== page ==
Parenting styles around the world
Human beings do not have an inherent parenting style, we adapt and adopt our parenting styles from the environment, we are a part of. We either learn from our parents or we learn from our society.
We adopt a style which we have known for ages, what our ancestors have taught us and how things have been practiced with some changes being made each generation. There are certain universals when it comes to raising kids like a child needs enough food, sleep and nurturing to thrive but how we as parents meet those necessities depends on where we live.
Parenting styles differ greatly around the world. The world is a beautiful place. It offers a culmination of cultures, value systems, beliefs and ideologies of over 7 billion people. I think it’s amazing how wonderfully each of these cultures coexist and offer so much value to one another.
Today’s internet age has made the process of learning across boundaries are easy and enriching. Being a mother from India, there’s a lot that I have learned about parents and their parenting styles across various continents. There are certain parenting nuances and approaches that are exclusive to different countries given their social, religious and economic factors. Bringing you insights, experiences and incidents of parenting styles across the globe and what can we adapt or learn from them in the next couple of articles.
The world celebrated international women’s day last week. Each year this day so many events are organized around the world with majority of them urging the societies to practice ‘Gender Equality’ and one nation that has shown this in action and has paved way for other nations to accelerate their battle for gender equality is this small Nordic nation, Finland.
The global gender gap report rated Finland the second most equal country in the world in 2016, and the Economist recently rated it the third best to be a working mom. It’s the only country in the developed world where fathers spend more time with school aged children than mothers.
How did Finland get there? And what can the rest of us learn from this small Nordic nation. It’s a story of collective action and political will, of a strong tradition of social democracy and an accommodating tax system. But it also boils down to a key difference in how Finland frames the conversation: it’s not about what’s good for adults – it’s about what’s good for children.
“This is not a question of gender equality, but it’s more a question of the rights of the child,” says Annika Saarikko, Finland’s minister of family affairs and social services, one of six female ministers out of a cabinet of eleven. “This is not about the mother’s right or the father’s right – but the child’s right to spend time with both parents.”
Finland believes fathers play a crucial role in child development. The government offers fathers nine weeks of paternity leave, during which they are paid 70% of their salary. And to encourage fathers to take advantage of the benefit, it recently launched a new campaign – with flyers showing a burly construction worker joyfully pushing a pram – called “It’s Daddy’s time!” Mothers in Finland are to an extent liberated from the constraints of motherhood due to their supportive policies. Fathers usually stay back home to take care of the child during early childhood and mother’s quickly resume work unlike the vice versa in most of the countries including in India.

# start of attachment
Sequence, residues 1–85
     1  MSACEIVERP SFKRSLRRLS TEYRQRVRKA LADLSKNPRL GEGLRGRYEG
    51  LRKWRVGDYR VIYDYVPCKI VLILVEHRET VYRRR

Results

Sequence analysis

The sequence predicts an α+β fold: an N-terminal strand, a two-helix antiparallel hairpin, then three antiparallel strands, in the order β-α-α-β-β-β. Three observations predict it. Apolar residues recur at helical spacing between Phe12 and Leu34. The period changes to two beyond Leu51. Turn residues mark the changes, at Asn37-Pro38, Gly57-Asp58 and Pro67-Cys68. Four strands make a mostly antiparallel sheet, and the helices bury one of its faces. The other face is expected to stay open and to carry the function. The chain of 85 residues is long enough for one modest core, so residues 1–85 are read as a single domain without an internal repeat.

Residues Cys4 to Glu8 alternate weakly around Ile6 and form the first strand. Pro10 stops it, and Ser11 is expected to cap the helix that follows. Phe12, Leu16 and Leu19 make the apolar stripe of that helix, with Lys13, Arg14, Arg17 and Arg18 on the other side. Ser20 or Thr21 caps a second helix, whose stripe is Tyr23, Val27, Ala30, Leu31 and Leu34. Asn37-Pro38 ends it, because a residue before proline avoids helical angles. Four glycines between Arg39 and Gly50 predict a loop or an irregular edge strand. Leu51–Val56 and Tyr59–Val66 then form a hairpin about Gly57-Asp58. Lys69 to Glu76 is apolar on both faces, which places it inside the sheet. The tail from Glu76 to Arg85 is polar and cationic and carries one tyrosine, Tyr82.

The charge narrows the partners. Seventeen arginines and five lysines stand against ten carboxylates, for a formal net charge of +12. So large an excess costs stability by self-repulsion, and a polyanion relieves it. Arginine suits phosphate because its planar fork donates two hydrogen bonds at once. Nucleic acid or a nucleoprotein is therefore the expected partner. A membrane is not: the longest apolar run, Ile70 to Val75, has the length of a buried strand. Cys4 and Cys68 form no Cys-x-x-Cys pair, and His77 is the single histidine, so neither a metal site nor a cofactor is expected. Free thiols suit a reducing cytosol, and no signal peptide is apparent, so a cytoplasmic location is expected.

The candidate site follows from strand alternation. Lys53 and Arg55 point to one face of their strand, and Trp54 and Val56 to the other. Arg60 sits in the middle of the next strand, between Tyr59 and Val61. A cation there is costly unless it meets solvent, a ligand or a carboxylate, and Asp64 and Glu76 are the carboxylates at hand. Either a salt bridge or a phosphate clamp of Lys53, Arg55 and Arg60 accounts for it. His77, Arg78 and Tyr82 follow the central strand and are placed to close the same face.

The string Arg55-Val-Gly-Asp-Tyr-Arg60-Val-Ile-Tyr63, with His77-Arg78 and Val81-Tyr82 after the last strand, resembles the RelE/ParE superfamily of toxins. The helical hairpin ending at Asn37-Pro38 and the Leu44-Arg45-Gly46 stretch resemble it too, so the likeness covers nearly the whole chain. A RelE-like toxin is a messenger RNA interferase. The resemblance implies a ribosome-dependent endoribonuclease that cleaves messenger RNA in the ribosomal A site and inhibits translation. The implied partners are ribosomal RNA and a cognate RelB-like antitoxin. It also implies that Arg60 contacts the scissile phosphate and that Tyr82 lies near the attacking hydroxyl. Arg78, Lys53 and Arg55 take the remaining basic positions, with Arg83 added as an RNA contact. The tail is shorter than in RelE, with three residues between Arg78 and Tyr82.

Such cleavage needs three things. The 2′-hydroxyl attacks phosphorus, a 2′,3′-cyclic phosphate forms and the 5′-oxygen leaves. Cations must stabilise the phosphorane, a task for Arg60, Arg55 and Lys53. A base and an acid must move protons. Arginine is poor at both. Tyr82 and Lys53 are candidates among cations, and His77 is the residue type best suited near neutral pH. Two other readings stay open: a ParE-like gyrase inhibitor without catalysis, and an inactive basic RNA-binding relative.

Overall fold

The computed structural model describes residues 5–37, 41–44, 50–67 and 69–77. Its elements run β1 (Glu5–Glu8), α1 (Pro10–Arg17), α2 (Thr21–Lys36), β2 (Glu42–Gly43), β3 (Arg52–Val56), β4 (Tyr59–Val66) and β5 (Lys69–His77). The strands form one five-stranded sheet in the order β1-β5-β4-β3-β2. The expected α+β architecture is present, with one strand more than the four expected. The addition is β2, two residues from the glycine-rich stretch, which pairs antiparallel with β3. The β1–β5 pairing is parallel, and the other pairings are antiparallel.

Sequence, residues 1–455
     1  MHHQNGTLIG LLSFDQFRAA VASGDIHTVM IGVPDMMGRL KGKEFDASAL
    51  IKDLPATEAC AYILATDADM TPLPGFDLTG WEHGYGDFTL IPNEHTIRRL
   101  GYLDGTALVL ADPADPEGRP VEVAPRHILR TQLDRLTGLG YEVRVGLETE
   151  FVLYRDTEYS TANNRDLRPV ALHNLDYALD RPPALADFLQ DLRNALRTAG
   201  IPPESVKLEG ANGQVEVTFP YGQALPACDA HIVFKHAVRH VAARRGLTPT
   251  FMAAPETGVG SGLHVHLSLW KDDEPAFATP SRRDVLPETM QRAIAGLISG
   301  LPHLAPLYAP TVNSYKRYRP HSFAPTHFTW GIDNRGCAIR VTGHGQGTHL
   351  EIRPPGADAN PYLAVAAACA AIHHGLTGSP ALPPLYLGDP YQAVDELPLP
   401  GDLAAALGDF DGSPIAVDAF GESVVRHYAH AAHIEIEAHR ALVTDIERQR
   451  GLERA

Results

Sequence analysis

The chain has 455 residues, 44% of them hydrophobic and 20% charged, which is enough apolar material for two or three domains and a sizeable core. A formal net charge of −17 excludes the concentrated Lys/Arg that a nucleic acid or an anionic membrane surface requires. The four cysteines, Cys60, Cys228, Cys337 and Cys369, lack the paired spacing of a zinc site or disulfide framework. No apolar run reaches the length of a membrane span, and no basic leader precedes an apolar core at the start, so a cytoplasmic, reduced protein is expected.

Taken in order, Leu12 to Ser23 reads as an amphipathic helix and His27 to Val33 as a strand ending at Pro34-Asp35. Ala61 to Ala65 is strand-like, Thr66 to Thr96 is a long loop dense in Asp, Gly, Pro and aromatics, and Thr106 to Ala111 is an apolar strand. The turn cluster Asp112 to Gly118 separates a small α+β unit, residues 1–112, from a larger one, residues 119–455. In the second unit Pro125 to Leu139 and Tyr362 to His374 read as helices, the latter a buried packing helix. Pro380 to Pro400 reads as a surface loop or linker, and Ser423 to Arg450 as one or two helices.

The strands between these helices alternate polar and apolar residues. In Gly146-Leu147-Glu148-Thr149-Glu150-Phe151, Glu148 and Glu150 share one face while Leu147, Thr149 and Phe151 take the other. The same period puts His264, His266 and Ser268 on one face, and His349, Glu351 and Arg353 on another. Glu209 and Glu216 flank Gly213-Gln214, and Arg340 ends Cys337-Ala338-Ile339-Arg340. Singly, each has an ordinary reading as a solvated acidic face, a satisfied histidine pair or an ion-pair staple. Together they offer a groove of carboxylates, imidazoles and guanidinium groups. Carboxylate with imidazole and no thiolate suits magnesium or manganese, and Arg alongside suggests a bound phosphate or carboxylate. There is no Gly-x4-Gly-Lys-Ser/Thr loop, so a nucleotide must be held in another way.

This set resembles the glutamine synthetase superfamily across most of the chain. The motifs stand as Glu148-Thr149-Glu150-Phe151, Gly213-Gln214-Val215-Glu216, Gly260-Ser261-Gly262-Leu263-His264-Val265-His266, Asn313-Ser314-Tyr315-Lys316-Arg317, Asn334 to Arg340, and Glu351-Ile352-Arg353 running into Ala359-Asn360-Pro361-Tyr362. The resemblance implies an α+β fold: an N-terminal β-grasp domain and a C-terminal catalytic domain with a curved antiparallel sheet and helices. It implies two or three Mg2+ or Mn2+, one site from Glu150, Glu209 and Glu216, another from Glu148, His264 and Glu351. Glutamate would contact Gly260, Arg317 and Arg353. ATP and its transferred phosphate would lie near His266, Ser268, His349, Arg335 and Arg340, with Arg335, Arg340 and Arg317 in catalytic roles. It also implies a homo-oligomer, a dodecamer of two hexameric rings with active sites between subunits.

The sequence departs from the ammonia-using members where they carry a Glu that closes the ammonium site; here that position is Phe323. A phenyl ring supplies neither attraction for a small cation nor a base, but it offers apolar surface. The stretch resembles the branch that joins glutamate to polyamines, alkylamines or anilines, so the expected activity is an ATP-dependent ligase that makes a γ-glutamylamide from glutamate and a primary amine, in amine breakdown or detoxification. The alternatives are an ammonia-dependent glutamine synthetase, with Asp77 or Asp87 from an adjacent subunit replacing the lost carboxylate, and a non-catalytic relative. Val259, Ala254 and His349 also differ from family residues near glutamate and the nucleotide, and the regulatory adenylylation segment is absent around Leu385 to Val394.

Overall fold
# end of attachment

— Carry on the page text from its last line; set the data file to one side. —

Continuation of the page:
Finnish parents believe in keeping the childhood stress free for kids, you rarely find the “Tiger mom or tiger Dads” in Finland unlike some of the countries especially here where as the child grows the parent becomes more of a trainer than a parent. This means that parents wanting a rigorous, elite education are in the minority, especially as most Finnish are also opposed to the ranking of schools at the primary level. That said, teachers are trained to work with children who are either more advanced or need special help, so all children will likely receive the education best suited for them. In Finland, punishing children physically (corporal punishment) is against the law. For example, children must not be hit or pulled by the hair. Children are encouraged to independent thinking. A child is allowed, for example, to disagree with his or her parents. Young people in Finland usually move away from home after coming of age when they begin studying or find a job. It is common for them to live either alone or with student friends before starting a family.
Another interesting fact about Finnish parents is they let their babies sleep outside in sub-zero temperature. It is observed that the Finnish mom and dad leave their baby strollers outside the shopping mall, movie theatres etc. to let their babies sleep outside. The Finns believe (yes, all of them) that napping outside in the cold weather is good for boosting the baby’s immune system and helps them sleep more soundly, both of which are inherently tied together. Now this is something beyond imagination for all of us here where we wrap our kids with blankets, the moment the temperature drops from the usual.
Can India become like Finland? Can we adopt these styles? Well, India has many hurdles to cross. The first is scale, which almost makes competition a tool for survival. The resources and opportunities are a hard battle to circumvent. The range of learning to be designed is vast – across regions we cannot seek and cultivate homogenization like they have. But certainly there are good things that we can adapt or learn from them like keeping the childhood stress free for our children, not being a trainer for our kids, let them have a happy childhood and most important of all fathers playing a crucial role in parenting and sharing the parenting load as much as that of the mother.
(The author is the founder and Chief Executive Officer of Learning Arena, an e-learning company)